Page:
ACMI presents 24 Frames Per Second

In celebration of 24 Frames per Second, the ambitious exhibition of 24 newly commissioned moving-image installations presented at Sydney’s Carriageworks, ACMI presents a suite of four artist films exploring dance as a fundamentally collaborative medium where connections are made across form, practice, and territories.

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24 Frames Per Second [image source: ACMI], crowdink, crowd ink, crowdink.com, crowdink.com.au
24 Frames Per Second [image source: ACMI]

The Australian Centre for the Moving Image (ACMI) is a unique institution dedicated to promoting engagement with the moving image in all of its forms. The ACMI building is (rather appropriately) located right in the heart of Melbourne – in Federation Square just across from Flinder’s Street Railway Station.

23 MAY

In celebration of 24 Frames per Second, the ambitious exhibition of 24 newly commissioned moving-image installations presented at Sydney’s Carriageworks, ACMI presents a suite of four artist films exploring dance as a fundamentally collaborative medium where connections are made across form, practice and territories.

Following the screening, join curator and writer Nina Miall from Carriageworks, and artist, choreographer and curator Nat Cursio as they discuss the project. This conversation will address the commissioning process and interdisciplinary collaboration in contemporary art.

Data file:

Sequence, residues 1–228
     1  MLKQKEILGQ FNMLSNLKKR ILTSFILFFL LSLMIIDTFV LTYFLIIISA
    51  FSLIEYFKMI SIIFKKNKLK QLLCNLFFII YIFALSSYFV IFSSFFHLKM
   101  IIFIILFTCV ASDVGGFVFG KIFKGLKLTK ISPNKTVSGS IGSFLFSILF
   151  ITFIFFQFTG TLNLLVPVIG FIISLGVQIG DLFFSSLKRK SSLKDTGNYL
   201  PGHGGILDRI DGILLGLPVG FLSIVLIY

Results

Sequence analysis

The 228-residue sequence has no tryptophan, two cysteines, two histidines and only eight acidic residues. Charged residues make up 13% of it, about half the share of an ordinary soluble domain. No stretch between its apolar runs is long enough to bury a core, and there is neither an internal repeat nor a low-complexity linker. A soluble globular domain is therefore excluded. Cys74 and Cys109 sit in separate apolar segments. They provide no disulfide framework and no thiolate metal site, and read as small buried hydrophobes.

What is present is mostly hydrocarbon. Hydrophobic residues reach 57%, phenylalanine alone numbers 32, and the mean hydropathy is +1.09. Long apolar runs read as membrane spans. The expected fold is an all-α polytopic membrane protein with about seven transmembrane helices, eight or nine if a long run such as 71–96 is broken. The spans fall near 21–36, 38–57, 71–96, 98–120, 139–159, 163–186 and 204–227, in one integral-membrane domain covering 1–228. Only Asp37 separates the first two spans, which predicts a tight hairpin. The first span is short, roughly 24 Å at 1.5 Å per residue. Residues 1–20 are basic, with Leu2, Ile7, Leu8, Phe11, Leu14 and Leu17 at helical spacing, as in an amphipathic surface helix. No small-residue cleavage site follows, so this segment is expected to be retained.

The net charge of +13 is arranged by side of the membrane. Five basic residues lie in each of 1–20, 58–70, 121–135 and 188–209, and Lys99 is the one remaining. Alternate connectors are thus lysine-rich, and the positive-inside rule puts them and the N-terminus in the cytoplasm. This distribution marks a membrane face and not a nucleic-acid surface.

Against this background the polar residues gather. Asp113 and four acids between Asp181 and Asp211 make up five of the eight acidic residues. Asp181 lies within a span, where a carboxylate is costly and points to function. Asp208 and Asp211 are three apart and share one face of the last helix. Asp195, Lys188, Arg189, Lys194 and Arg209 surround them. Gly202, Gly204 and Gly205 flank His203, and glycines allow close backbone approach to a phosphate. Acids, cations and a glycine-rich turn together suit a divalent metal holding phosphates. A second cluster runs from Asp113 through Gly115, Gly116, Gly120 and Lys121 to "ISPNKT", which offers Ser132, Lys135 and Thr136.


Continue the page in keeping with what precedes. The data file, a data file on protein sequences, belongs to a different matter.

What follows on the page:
Works:

Kate Murphy, Push (2015)

Push explores the ageing body and mind, and their capacity for physical and echoic memory.

Ho Tzu Nyen, 1 or 2 Tigers (2015)

1 or 2 Tigers restages the first recorded meeting of the tiger and the white man; a key incident in Singaporean history.

Sriwhana Spong, The Fourth Notebook (2015)

New Zealand artist Sriwhana Spong’s work uses Russian dancer Vaslav Nijinsky’s (1889-1950) semi-sensical letter to mankind as the rhythmical score for new choreography by London-based dancer Benjamin Ord.

Nat Cursio & Daniel Crooks, at least for a while anyway (2015)

A collaboration between Nat Cursio and Daniel Crooks, at least for a while anyway locates Don Asker, a treasure of Australian dance practice, amongst his ‘other’ life as a farmer.

This project has been assisted by the Australian Government through the Australia Council for the Arts, its arts funding and advisory body.

Don’t miss this event. Tickets here.


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ACMI is a unique institution at the heart of Melbourne's iconic meeting place, Federation Square, the Australian Centre for the Moving Image (ACMI) celebrates, explores and promotes the moving image in all its forms - film, television and digital culture. Through award-winning Australian and international exhibitions, films, festivals, live events, creative workshops, education programs and resources, ACMI provides unsurpassed ways to engage with the moving image.